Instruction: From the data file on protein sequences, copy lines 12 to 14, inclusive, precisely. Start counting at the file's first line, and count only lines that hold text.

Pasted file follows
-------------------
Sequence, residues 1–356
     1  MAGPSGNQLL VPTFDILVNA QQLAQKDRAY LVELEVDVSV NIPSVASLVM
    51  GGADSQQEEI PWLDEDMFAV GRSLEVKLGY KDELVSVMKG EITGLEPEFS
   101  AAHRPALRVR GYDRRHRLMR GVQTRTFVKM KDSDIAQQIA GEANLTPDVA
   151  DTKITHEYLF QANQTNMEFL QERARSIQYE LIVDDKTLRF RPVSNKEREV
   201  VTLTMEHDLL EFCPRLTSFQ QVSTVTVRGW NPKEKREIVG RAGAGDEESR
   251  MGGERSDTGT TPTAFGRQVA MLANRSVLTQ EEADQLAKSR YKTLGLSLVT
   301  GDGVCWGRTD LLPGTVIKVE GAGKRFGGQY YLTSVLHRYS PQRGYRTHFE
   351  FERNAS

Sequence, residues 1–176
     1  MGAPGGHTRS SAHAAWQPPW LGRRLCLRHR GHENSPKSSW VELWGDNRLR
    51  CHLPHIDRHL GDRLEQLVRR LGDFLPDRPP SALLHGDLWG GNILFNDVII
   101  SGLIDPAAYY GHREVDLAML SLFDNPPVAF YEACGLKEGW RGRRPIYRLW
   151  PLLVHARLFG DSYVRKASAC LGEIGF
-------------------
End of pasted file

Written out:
    51  CHLPHIDRHL GDRLEQLVRR LGDFLPDRPP SALLHGDLWG GNILFNDVII
   101  SGLIDPAAYY GHREVDLAML SLFDNPPVAF YEACGLKEGW RGRRPIYRLW
   151  PLLVHARLFG DSYVRKASAC LGEIGF